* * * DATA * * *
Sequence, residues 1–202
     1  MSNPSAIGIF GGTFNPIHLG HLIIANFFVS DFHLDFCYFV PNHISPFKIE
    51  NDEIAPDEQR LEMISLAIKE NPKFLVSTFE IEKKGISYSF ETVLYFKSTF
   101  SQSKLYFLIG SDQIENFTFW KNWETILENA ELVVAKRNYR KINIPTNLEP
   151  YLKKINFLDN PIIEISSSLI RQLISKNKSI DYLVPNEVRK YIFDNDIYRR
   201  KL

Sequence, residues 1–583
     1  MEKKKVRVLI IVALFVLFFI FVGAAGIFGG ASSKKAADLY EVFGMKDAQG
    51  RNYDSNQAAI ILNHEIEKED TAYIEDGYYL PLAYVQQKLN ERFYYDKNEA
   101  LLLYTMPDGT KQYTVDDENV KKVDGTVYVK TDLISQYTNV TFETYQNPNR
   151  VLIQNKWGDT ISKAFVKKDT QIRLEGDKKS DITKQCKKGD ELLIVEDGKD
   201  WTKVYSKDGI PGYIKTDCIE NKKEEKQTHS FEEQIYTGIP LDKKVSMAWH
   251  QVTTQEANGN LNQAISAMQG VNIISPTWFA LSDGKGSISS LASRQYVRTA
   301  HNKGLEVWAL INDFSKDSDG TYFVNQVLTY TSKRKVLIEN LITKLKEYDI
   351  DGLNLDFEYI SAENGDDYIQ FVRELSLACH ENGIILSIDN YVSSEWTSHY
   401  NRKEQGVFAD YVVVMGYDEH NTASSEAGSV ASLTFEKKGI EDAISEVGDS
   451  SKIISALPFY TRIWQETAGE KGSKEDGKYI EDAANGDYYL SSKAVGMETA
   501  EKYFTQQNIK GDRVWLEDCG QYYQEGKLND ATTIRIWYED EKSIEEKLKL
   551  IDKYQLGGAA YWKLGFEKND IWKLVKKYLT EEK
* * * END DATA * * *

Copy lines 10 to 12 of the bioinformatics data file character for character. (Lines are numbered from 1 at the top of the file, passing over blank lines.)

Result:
   101  LLLYTMPDGT KQYTVDDENV KKVDGTVYVK TDLISQYTNV TFETYQNPNR
   151  VLIQNKWGDT ISKAFVKKDT QIRLEGDKKS DITKQCKKGD ELLIVEDGKD
   201  WTKVYSKDGI PGYIKTDCIE NKKEEKQTHS FEEQIYTGIP LDKKVSMAWH